Spontaneous (2020) Film Review, a movie directed by Brian Duffield, and starring Katherine Langford, Charlie Plummer, Yvonne Orji, Hayley Law, Piper Perabo, Rob Huebel, Chris Shields, Marlowe Percival, Laine MacNeil, Doralynn Mui, Kaitlyn Bernard, Mellany Barros, and Chelah Horsdal.
Making people laugh, cry, tremble in fear, and have heartfelt revelations at the same time probably isn’t what marketing execs are thinking about when they want something to have four-quadrant appeal, huh? Regardless, Brian Duffield manages to hit all of those right on the head in his directorial debut, Spontaneous, a strange genre concoction that defies classification but not thematic efficacy.
Spontaneous gets to its central conceit right off the bat, wherein teenagers at Covington High School start … well, spontaneously combusting, leaving nothing but a bloody spray in their place. The events rattle the New Jersey suburb and anxiety soon infects the entire school – particularly amongst the seniors, as they seem to be the only ones doing the exploding.
Some of the students, such as the part-punks-part-stoners-full-on-outcasts duo of Mara and Tess (Katherine Langford and Hayley Law, respectively) see this as the cruelty of the universe manifested, and are intrigued by its existence, annoyed that it’s messed up their daily routines, and ultimately scared that it could happen to them. Other students, like Dylan (Charlie Plummer), see this as a reminder of everyone’s mortality and instead decide to live every moment uninhibited. Which, in Dylan’s case, means blowing his life savings on a run-down ice cream truck and professing his infatuation to Mara. Regardless, the rate of combustions don’t slow down and the students begin to worry if they’ll ever go back to a life of normalcy.
The fact that Spontaneous was released months into a worldwide pandemic – wherein scientists have been working non-stop to find a vaccine and American public officials have been less than competent in their handling of it – seems oddly coincidental. Not to give Duffield too much credit with historical literacy and/or ontological foresight (he did pen The Babysitter, after all), but both the failed testing montage and the undercurrent of distrust the Covington High seniors are seen holding toward the federal agents almost too perfectly encapsulates the anxiety wrought on our lives by COVID-19. (I’d point out the linguistic similarities between “Covington” and “COVID”, too, but I’m gonna stop myself from going down a brainwormed rabbit hole before you all think I’m some conspiracy-theory nutjob.)
Sure, that read implies Duffield (as well as Aaron Starmer, the original novel’s author) is straining (inter)national politics down through a filter of teen angst, and that may run the risk of dulling the thematic blow to some. But honestly that sort of feeds into Spontaneous’ central thesis, which itself is the anger, confusion, and frustration that comes with standing on the precipice of adulthood. The spontaneous combustion itself can be read as a broad metaphor for the existential dread that comes with maturity – the act of reconciling your own mortality and, as Mara’s mom says, the “anxiety and complete terror” that comes with it. No longer can Mara and her peers live with the childhood innocence of never seeing an end in sight.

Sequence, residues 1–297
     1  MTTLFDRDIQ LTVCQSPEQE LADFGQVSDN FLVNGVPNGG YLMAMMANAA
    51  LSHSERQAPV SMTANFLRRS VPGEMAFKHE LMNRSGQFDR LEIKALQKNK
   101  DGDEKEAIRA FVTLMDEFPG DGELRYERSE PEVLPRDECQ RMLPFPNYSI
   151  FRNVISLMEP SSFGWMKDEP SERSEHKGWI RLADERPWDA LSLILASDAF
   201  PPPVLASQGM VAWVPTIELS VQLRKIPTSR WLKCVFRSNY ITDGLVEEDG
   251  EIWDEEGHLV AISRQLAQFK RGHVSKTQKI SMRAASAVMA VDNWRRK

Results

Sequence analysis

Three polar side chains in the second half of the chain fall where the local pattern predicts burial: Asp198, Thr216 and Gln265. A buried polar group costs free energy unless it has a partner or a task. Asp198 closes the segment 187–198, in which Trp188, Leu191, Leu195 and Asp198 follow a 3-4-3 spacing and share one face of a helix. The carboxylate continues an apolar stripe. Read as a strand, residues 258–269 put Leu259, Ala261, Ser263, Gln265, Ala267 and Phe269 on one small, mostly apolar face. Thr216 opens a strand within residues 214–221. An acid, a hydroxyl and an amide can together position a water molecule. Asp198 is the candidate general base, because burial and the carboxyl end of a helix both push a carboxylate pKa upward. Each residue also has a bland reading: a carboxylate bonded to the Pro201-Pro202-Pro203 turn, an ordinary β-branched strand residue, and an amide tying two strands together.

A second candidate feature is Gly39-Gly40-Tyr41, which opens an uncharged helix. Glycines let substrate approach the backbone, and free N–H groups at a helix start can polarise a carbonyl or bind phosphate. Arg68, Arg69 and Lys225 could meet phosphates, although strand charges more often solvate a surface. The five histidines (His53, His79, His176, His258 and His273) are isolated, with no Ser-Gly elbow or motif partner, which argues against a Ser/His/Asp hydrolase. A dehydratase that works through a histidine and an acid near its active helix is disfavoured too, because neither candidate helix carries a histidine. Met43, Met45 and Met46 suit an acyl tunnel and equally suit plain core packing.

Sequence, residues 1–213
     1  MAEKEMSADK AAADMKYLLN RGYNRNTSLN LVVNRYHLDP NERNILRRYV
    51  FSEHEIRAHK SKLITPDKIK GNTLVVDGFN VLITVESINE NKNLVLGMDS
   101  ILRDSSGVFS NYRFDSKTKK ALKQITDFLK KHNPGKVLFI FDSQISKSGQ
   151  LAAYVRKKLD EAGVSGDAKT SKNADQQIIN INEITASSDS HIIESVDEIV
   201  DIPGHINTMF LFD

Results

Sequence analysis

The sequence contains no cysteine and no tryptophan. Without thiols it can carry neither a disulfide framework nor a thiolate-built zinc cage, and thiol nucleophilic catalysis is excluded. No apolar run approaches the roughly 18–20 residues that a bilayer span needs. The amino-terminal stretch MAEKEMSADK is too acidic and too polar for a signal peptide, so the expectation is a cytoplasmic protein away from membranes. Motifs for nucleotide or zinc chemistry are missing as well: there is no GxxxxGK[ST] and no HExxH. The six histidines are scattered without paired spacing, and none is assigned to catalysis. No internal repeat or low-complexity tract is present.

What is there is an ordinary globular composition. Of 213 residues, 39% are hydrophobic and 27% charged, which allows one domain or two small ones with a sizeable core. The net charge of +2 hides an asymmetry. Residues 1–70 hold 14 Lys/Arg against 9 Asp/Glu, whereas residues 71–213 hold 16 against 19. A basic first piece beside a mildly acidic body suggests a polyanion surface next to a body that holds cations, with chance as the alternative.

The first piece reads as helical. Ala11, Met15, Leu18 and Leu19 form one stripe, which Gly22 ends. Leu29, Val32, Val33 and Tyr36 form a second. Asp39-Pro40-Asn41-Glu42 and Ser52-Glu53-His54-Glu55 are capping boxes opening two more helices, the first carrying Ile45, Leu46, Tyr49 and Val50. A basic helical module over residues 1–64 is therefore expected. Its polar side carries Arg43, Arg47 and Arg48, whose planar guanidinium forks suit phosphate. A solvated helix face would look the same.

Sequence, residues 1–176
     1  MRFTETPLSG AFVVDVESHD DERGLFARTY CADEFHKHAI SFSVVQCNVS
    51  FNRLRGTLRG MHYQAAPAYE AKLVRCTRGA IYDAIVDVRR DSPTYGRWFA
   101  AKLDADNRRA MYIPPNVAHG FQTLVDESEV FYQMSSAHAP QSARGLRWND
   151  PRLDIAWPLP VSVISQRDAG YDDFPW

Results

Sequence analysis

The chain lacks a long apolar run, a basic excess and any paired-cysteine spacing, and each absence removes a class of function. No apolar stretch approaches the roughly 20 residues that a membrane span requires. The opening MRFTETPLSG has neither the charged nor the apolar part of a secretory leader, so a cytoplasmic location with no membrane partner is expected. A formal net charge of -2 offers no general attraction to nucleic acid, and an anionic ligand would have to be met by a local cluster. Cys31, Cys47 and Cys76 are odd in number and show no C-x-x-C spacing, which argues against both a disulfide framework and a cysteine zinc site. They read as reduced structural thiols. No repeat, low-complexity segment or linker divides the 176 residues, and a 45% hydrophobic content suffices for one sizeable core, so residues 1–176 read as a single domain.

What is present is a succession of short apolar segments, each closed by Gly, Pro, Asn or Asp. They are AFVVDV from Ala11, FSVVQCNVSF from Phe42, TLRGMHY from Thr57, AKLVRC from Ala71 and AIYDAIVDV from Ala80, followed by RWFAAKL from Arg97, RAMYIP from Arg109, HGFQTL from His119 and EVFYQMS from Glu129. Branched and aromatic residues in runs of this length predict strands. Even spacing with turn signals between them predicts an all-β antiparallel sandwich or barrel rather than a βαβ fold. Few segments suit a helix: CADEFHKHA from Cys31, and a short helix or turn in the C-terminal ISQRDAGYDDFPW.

On the flip side, that metaphor also imbues some depth into the ageist condescension that Mara is experiencing. While authority figures don’t always treat her and the other students with the intelligence of soon-to-be adults (be it in the form of clueless government agents or Mara’s nagging parents who keep pressuring her to apply to college as she undergoes her personal cataclysm), they themselves are scared and floundering about, too, trying to offer the best route amidst a sea of uncertainty.
Thus, the ending of Spontaneous doesn’t provide clear answers to its mystery, metaphorically or not, because it’s difficult to clarify emotional development that is itself so ambiguous. Angst and anxiety are normal side effects of that generational shift, but it can also be overwhelming … to the point where, for the newly initiated, it really can feel like the end of the world.
Duffield does a fantastic job of balancing the absurd with the heartfelt, no matter how brash it ultimately is. It’s how he can go from showing Mara and Dylan sharing sarcastic E.T. references in quarantine, to blood-drenched chase scenes, to moments of tranquil sorrow with such ease, as if he’s tapping into that adolescent emotional stew and simultaneously triggering our fight-or-flight response and our waterworks. Mara’s cynicism is balanced out by her moments of growth, and the teenagers’ general sense of cool detachment on the whole is nicely paired with scenes of soft, though terrified, sincerity. Langford, Plummer, and Law share some great camaraderie on-screen, and Joseph Trapanese’s ambient score adds some energetically somber tones.
Spontaneous is an odd blend of genre flavors, but its bold authenticity is what’s most delectable. It’s strangely timely, itchingly discomforting, and emotionally honest, which adds up to one of the biggest cinematic surprises to have popped off in this year of collective, worldwide anxiety. Hopefully a soon-to-be teen movie staple, and a positive sign for Duffield’s future directorial works. However, if your heart rate hasn’t gone down since March … maybe take a hit off Mara’s dad’s Juul before checking it out.
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